Today’s readings stress love as the foundation of living a Christian and Jewish life, when loving God and loving others as we ourselves are loved is the basis for all ethical decisions. Reducing the Commandments to two may seem to make it easier, but always acting in a loving way may be even more challenging than ticking off rules.
This is an important section of the Hebrew Bible with an instruction still obeyed by pious Jews, who recite daily the prayer called the ‘Shema’ – meaning, ‘hear’ or ‘listen’ – from the first words that come at the end of our selection. This recognition of God as the one God was the basis of their religious faith. Some Jews keep the custom described in the following verses not read at mass: to fasten a copy of them on the wrist and forehead when praying and also to write them on the doorpost. This reading provides us with the source of the quotation Jesus uses in the gospel.
Psalm 17/18:2-4, 47, 51
Appropriately after the command to love, our response begins with the Psalmist’s declaration of love. Rather than relying on his or her own strength, God is the source of our strength. The Psalm uses some common images of the Old Testament to indicate how trustworthy God is in dealing with people: rock, fortress, refuge, shield. ‘Rock’ is not an individual stone, but more a firm mountain top where one is at an advantage in any attack. We may also think of a solid base of rock as a firm foundation which will withstand storms and other natural disasters.
The mention of the king, and the ‘anointed’ makes this one of the ‘royal psalms’, speaking of David, but probably written of a later king. It also points to the coming ‘Messiah’ – that Hebrew word means ‘anointed’, which when translated into Greek gives us the name ‘Christ’. Jesus speaking of the ‘Kingdom of God’ has translated this Old Testament idea of the ideal king into a description of the new kingdom he preached, a community of people responsive to God.
This is our final selection from the letter to the Hebrews, using the image of the Jewish High Priest as a comparison for the saving work of Jesus. Here the priesthood of Christ is seen not only as incomparably above that of the numerous priests of the old covenant, but as one who eternal and constantly available to us in all our needs.
At the end of last week’s gospel, Jesus was just about to enter Jerusalem at the feast of the Passover. The liturgy has skipped a section – 11:1-12:27 – detailing his first days in the Holy City, and the confrontations Jesus had with the religious authorities. These debates led to the decision to arrest Jesus, and so have an important role in understanding the whole of Mark’s gospel.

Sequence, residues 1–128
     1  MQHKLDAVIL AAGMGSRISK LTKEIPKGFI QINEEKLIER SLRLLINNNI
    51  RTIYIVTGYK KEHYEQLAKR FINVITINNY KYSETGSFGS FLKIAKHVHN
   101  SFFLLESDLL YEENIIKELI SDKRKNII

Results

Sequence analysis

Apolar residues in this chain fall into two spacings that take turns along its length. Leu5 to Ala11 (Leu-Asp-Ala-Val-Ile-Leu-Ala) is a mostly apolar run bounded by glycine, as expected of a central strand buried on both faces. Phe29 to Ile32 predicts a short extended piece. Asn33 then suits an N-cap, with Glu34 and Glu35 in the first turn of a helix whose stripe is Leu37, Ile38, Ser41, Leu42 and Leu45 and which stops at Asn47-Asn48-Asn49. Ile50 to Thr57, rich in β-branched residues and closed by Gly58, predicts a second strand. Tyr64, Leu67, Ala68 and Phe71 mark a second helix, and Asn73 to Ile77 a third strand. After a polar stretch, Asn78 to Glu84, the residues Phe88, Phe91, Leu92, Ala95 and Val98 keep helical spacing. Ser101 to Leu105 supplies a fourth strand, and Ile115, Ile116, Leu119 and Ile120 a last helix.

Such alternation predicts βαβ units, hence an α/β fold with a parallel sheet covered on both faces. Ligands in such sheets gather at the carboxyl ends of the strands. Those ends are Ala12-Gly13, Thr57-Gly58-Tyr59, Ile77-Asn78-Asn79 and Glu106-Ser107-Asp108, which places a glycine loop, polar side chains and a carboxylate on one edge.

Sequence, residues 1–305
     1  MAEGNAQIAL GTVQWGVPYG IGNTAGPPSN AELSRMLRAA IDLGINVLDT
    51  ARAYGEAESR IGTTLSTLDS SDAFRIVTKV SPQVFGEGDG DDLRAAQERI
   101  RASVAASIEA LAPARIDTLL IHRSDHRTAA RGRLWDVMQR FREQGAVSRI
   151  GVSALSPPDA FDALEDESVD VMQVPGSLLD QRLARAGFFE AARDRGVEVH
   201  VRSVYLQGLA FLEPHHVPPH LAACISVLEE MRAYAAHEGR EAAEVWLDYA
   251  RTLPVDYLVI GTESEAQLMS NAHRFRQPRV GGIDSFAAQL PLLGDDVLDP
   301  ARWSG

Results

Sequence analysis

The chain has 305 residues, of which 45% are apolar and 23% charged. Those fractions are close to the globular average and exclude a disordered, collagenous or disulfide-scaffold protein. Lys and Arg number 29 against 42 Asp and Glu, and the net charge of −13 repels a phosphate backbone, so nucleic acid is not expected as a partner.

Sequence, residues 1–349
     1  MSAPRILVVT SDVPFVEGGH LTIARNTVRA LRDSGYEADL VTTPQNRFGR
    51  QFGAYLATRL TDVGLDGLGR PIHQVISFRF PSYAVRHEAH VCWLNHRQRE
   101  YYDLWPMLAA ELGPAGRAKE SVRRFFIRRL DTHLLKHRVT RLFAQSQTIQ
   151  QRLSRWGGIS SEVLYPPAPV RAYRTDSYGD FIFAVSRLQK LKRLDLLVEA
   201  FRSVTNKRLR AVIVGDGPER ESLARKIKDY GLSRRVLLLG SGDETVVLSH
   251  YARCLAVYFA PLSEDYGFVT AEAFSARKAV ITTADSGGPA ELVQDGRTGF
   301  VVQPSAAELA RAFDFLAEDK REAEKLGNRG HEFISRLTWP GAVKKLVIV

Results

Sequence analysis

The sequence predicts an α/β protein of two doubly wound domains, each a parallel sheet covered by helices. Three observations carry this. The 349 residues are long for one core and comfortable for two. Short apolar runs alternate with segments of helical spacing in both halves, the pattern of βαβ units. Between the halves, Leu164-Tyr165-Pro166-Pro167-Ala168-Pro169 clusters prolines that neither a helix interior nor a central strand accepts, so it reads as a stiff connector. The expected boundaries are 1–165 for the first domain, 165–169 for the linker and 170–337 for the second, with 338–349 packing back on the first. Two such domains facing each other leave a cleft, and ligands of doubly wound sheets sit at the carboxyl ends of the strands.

Our choice today comes after objections various authorities have raised about Jesus’ authority and his teachings. Here one of the scribes (interpreters of the Torah) is shown in a more favourable light than the previous questioners. The question of ‘what is the first commandment’ was at the time a debate over whether there was one basic commandment from which the others could be derived. Jesus answers that part, in essence saying, ‘Love is the fulfilment of the Law’. He quotes the first commandment, as we heard it earlier in Deuteronomy, but adds a fourth dimension, ‘with your whole mind’. Then comes what may have been a surprise to his audience: he adds another command, this from the book Leviticus, on loving the neighbour as oneself. It seems Jesus was the first to associate these two commands, and so stress that the love of God and other people are joined as our ethical basis for moral living.
The scribe responds positively, unlike the other leaders whose disputes preceded this. He commends Jesus, and then Jesus commends him. Morna Hooker suggests that as a religious teacher, the scribe assumes the role of approval, but in fact Jesus’ authority is greater. His statement thus carried more weight, not only for the scribe but for us. Mark does not tell us if this particular scribe moved on to follow Jesus into the kingdom he comes so close to.
It seems odd in the context of our reading with Jesus approving words that Mark says no one longer dares ask Jesus anything, but this a reaction to the whole section we have missed out. There Jesus has come out on top of the disputes and this intimidates others who might have started more arguments.
Jesus’ stressing the important of love might merit the treatment the Jews gave to the daily recitation, ‘Hear, O Israel’. Recalling Jesus’ words daily can be a reminder of the demands of loving actions as each day brings opportunities and challenges.